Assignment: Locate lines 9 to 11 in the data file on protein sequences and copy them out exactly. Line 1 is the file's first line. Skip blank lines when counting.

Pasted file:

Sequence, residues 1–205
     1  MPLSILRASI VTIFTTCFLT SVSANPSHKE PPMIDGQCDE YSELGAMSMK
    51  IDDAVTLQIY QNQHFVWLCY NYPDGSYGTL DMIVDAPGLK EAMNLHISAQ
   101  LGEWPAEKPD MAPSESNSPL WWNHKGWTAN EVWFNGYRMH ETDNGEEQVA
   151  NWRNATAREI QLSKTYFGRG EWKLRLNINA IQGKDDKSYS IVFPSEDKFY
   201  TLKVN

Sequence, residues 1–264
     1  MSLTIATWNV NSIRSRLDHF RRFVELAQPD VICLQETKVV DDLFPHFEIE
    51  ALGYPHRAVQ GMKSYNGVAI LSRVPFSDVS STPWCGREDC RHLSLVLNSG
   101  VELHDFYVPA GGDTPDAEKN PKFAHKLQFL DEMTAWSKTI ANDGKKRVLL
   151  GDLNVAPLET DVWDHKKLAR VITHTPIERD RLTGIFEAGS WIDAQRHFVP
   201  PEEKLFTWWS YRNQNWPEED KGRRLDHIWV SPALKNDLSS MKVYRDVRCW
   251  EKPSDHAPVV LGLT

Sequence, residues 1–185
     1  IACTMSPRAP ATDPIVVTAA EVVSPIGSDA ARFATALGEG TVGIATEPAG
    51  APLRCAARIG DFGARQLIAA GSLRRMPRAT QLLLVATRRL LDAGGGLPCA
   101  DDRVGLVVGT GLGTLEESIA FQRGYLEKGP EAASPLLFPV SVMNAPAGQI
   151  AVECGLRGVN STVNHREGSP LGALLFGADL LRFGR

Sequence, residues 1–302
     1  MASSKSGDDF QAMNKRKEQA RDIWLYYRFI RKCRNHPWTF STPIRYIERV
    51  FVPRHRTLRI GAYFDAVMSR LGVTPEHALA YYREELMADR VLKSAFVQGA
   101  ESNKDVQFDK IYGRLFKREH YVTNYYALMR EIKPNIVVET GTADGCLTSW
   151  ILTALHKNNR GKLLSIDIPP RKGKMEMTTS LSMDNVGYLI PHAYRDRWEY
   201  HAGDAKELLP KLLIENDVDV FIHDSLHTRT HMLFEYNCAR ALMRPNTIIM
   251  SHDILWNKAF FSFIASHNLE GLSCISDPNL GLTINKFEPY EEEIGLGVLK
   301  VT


    51  ALGYPHRAVQ GMKSYNGVAI LSRVPFSDVS STPWCGREDC RHLSLVLNSG
   101  VELHDFYVPA GGDTPDAEKN PKFAHKLQFL DEMTAWSKTI ANDGKKRVLL
   151  GDLNVAPLET DVWDHKKLAR VITHTPIERD RLTGIFEAGS WIDAQRHFVP